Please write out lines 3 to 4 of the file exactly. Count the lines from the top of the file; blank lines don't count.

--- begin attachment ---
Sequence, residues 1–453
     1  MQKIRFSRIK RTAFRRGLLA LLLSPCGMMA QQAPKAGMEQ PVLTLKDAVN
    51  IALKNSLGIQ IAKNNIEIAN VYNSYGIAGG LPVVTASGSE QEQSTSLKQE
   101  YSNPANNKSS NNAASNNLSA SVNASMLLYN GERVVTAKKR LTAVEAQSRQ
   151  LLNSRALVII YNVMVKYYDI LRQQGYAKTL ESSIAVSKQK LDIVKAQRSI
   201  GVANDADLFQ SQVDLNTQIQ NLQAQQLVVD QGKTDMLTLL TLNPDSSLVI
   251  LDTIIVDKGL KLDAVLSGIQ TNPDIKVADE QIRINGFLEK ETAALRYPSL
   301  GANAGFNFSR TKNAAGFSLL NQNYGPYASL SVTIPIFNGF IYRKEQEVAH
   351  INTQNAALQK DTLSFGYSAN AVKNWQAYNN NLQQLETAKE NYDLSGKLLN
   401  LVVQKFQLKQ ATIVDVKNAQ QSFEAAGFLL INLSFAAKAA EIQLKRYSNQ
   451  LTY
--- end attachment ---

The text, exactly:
    51  IALKNSLGIQ IAKNNIEIAN VYNSYGIAGG LPVVTASGSE QEQSTSLKQE
   101  YSNPANNKSS NNAASNNLSA SVNASMLLYN GERVVTAKKR LTAVEAQSRQ